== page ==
Such comments would not seem to reflect especially well on Knicks head coach Jeff Hornacek, who recently attributed early-season dullness to a relative lack of prep time:
Hornacek said recently that players not knowing plays is a consequence of a shortened preseason.
— Stefan Bondy (@SBondyNYDN) October 25, 2017
Everybody else has a curtailed preseason slate, too, though, and hardly anybody’s looked as disjointed as the Knicks in the early going.
No team’s averaging fewer points per 100 possessions than New York. No team’s got a lower collective effective field goal percentage (which accounts for 3-pointers being worth more than 2s). Only the Charlotte Hornets and similarly brutal Phoenix Suns have a lower team-wide assist-to-turnover ratio. Only the Denver Nuggets and Utah Jazz have turned the ball over on a higher share of their offensive possessions.
Combine all that with a defense that, as it has for most of the last 15 years, ranks in the lower third of the league in points allowed per possession, and you have a recipe for disaster. Which, through three games, is exactly what the Knicks look like.
Eight games, really, since the Knicks went winless in preseason. And with a tough slate coming up — the high-scoring and energetic Brooklyn Nets on Friday at Madison Square Garden,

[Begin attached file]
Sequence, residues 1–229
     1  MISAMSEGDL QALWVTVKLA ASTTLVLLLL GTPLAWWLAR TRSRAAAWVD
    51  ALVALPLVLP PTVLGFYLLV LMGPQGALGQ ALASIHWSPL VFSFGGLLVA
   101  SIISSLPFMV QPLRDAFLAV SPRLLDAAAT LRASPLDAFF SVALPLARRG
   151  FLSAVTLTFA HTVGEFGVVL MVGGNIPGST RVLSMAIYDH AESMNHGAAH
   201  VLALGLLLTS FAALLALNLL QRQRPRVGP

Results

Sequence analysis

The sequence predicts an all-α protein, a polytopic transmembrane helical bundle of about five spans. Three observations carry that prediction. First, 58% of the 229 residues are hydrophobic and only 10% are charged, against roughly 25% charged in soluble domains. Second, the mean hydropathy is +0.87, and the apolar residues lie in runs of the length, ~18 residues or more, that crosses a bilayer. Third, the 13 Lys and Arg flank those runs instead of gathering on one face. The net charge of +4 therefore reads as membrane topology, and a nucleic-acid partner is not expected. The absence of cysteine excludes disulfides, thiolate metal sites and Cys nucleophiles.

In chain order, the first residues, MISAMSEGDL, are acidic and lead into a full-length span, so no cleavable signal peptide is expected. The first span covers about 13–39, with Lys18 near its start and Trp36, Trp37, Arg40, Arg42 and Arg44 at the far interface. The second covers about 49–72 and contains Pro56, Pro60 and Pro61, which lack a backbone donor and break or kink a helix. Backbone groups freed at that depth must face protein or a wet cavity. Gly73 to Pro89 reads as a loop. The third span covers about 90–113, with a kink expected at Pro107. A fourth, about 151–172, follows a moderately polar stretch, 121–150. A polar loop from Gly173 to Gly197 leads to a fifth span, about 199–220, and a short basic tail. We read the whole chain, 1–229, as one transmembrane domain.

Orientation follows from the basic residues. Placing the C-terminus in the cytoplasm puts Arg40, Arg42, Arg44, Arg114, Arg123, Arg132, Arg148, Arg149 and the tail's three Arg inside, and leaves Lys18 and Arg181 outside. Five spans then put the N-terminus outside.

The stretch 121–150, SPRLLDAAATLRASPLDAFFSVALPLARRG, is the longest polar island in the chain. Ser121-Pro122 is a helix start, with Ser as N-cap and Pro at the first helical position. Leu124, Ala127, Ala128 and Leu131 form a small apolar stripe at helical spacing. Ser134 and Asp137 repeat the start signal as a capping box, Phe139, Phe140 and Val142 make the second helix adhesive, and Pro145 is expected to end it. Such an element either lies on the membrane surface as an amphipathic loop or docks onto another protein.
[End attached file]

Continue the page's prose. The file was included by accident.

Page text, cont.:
LeBron James and the Cleveland Cavaliers in Ohio on Sunday, the second night of a back-to-back against the Nuggets back home on Monday, James Harden and the Houston Rockets on Wednesday — things could get much, much worse before they get any better. At least the Suns loom on the calendar on Nov. 3 … although, with the Knicks so summarily scrambled, even that doesn’t seem like a gimme. Y’know, Phoenix has actually won a game this season.
The glass-half-full take, here: it’s only three games. Before a clunker in Boston, Porzingis looked like a legitimate No. 1 star in his first two outings. Rookie point guard Frank Ntilikina, who’s missed the start of the season dealing with an ankle sprain, will (hopefully) play eventually, and give the Knicks’ backcourt rotation a boost. Everybody can’t keep shooting this badly. The Knicks can, and likely will at some point, look better than this.
Then again … well, sometimes the glass really is a little bit more than half-empty.
Knicks own 7th worst def. Could be worse. Allowed 2nd most corner 3s in NBA but foes shooting 14th-best %. What if they start hitting those?
— Mike Vorkunov (@Mike_Vorkunov) October 25, 2017
It is no great surprise that the Knicks have not started the season looking like a bad team; many of us, in fact, predicted they would be just that! The more worrying part is that, with the new-car smell still wafting around the cabin of the 2017-18 campaign, multiple players felt so galled by the team’s crummy performance that they vocalized concerns that no one knows what the hell’s going on.
You can live with being bad if you’re bad with a plan; it’s being aimlessly, pointlessly bad that’s tougher to stomach. That’s been the Knicks’ problem for the better part of the last decade and a half; if it continues to hold true with this iteration of the team, you wonder how much more time Hornacek and company will get to try to get everyone on the same page.